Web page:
Damage reduction. Resistance. Magic items. Rob dives right into these systems and then asks for your input on whether you think some form of damage reduction and resistance should be in your game.

Interesting one today:

Dwarves favor axes, while elves like bows. Halflings are excellent climbers. Wizards usually disdain weapons. Gnomes hate kobolds. Bards dress flamboyantly. These are all flavorful bits that have long been tied to aspects of the game. We all know them and are familiar with them, and to some degree we expect to see them in flavor text describing these aspects of the game.

But should they also appear in game mechanics?

I voted "No" (or, rather: "Flavor stands independent of mechanics.") but, at this time, the opposite is winning.

EDIT1: Oddly, as I think about my own games in the past, I've always made flavor part of mechanics too. EDIT2: This is likely because my games were only ever "one world", so the flavor was the ONLY flavor, thus "making sense" from a mechanic aspect. But, for an engine that needs to support infinite worlds, any flavor-mechanic is an forced assumption of the GM and necessitates further "no, not like that" house rules.

"We actually went back and played every major edition of D&D and used those experiences to help narrow down the absolute core elements of the game. If you removed those elements, it’s not D&D. Our list includes the six abilities, classes, levels, hit points, Armor Class, and a few other things. In many ways, the list creates the shared language that links the editions."

See, that's what I'm getting at - this infuriates me. D&D should never be about classes, levels, abilities, and the rest of that bullshit. That's why it's broken - it's always been about the bullshit. What should be the core elements of D&D? Heroic fantasy. Everything should be extrapolated from that.

I approach a roleplaying game like I do most every other type of art. You begin with a central concept, even a very basic one - "I'm gonna paint this bowl of fruit." Then every other thing points to that central concept, to painting that bowl of fruit as well as possible. In good art, this is often about some thematic concern, such as, in very broad strokes, the nature of justice, of goodwill, identity, group thinking, etc. When making art, you're talking about that central idea, and the art as a whole builds to that concept, giving it depth, grounding it, expounding upon it. D&D is a mess because the people who make it have failed to realize this essential factor of the game, or making it as a work of art. It doesn't matter what types of damage there are, how much flavor there is, etc., when you've already missed the whole point of your game, which is emphatically not hit points and levels.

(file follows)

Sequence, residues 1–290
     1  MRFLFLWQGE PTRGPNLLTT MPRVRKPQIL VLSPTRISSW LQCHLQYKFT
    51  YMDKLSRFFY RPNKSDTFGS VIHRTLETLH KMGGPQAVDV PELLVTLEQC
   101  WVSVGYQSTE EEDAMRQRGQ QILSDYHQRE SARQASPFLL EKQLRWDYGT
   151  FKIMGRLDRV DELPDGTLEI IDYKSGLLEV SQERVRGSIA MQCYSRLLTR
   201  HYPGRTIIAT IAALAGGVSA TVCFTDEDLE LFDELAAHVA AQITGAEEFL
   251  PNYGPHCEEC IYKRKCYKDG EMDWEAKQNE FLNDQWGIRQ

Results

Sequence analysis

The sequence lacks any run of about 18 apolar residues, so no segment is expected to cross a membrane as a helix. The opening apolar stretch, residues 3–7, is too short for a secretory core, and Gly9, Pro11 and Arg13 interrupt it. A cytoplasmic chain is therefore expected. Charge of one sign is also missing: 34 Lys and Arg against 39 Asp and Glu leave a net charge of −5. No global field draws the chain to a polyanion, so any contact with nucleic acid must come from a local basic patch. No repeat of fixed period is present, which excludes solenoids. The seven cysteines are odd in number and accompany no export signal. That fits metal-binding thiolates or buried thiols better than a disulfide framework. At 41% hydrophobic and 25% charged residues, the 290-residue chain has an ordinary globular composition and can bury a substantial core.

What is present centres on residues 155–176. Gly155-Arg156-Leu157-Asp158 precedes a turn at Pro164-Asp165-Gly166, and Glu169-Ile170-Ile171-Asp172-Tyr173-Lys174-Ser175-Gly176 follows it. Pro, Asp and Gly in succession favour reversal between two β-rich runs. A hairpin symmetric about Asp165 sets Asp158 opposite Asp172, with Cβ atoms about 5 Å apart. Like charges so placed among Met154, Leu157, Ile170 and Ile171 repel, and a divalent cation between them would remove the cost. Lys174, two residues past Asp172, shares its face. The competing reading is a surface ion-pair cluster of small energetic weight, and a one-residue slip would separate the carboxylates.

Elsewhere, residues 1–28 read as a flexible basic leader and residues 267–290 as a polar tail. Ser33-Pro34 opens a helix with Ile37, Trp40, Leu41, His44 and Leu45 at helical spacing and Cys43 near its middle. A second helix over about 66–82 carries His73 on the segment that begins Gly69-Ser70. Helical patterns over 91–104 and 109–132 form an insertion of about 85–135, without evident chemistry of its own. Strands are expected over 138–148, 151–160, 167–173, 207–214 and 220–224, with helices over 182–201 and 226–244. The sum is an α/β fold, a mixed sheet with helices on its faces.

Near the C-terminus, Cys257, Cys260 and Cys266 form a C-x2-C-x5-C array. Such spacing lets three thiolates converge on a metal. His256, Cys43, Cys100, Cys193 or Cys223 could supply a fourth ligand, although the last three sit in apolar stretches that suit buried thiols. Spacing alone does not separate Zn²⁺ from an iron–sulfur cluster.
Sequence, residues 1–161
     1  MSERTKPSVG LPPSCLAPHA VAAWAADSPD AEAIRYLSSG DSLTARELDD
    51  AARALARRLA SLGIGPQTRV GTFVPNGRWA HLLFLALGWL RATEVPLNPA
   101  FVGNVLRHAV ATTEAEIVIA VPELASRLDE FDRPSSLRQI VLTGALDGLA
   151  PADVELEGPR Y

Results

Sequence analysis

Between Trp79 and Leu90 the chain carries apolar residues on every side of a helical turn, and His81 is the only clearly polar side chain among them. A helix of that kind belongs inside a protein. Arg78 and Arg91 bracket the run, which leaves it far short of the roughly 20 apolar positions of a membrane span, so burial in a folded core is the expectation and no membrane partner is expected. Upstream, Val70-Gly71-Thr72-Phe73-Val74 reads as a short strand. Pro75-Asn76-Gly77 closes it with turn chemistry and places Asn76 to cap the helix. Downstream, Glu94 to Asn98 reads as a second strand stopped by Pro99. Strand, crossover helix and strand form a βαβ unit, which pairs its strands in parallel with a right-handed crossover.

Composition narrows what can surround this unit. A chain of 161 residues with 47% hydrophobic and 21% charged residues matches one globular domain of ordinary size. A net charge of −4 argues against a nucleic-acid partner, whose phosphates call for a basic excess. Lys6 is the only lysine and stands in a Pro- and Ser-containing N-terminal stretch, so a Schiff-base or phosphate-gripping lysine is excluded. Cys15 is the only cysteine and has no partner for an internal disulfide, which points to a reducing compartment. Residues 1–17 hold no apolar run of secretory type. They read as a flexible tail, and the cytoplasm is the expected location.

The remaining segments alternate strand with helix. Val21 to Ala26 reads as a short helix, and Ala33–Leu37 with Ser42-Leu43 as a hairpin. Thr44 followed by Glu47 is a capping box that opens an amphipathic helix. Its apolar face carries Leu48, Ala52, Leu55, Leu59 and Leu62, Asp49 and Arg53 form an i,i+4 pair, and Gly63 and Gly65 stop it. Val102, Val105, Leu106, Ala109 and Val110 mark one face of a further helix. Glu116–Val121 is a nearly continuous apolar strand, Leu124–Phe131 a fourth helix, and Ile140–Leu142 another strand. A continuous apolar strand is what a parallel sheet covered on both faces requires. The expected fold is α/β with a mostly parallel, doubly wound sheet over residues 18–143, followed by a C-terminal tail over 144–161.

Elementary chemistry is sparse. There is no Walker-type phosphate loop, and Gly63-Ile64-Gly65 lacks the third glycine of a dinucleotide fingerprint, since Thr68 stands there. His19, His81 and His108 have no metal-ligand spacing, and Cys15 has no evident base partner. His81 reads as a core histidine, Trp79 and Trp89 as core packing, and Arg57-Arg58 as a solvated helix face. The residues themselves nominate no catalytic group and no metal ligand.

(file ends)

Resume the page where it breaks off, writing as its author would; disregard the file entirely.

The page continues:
It's clear you don't like D&D. So stop trying to insist that D&D should conform to your personal tastes. It's the same as saying "metal has always been about double kicks and power chords and solos and misanthropy...it should be about <blank>".

If they remove the things you rail against it really would NOT be D&D anymore. They aren't making it for you, that's pretty obvious, don't you think? Like...you can't try to make marmalade more like raspberry jam just because you don't like marmalade. The marmalade fans don't care what you think. Your opinion on marmalade is moot because you're actually talking about jam. The marmalade fans actually DO experience the same depth of flavor and texture as you do with your jams and jellys. It's not like you have a lock on flavor and texture or anything. They just like orange peels more than you.

So let it go my man. D&D IS about the things you don't like. You just clearly don't like D&D. So don't play it. It's ALWAYS been about the things you don't like about it. It's not a mess at all...the people who make it didn't fail to realize the things you mentioned; they disregarded them because you aren't their target and they probably don't care what you think; for example...Hideo Kojima likely doesn't give a single toss for the things Splinter Cell fans say about Snake.

"See, that's what I'm getting at - this infuriates me. D&D should never be about classes, levels, abilities, and the rest of that bullshit. That's why it's broken - it's always been about the bullshit."

-Actually, I've decided to be less diplomatic than I was above. You're an idiot. Nuff said. Gamegrene is dead; it's a sad sad sad thing when something disapeears up it's own ass so far as to see comments like the one I quoted above.

"Gamegrene is dead."

Steady on, old chap! What you need is a nice hot cup of tea. You'll soon feel better.

I thought this might be of interest, and this seems the place to post it:


FWIW, if anyone's reading, I'm pretty impressed with the early D&D Next play test rules and design.

I'm reading.

I... uh... remember how I boxed up all my books? I... I'm back to GMing. Using Roll20.net and Pathfinder.

Ah, the lure of turn-based, refereed gaming. Who can resist its call, having already experienced its heady pleasures?

Hey, this Roll20.net is looking good. I just created my account and it looked up my wordpress avatar. Cute.

I shall investigate further.

I just noticed Monte Cook has deleted his livejournal. Another microblogging fatality I suppose.

Though mine own is a bit neglected of late. I was thinking of ditching facebook for livejournal this week as I need to avoid Game of Thrones spoilers as I'm away camping and won't catch up with Episode 7 until next weekend. Also Twin Peaks, though that's a more select fanbase and there's less chatter.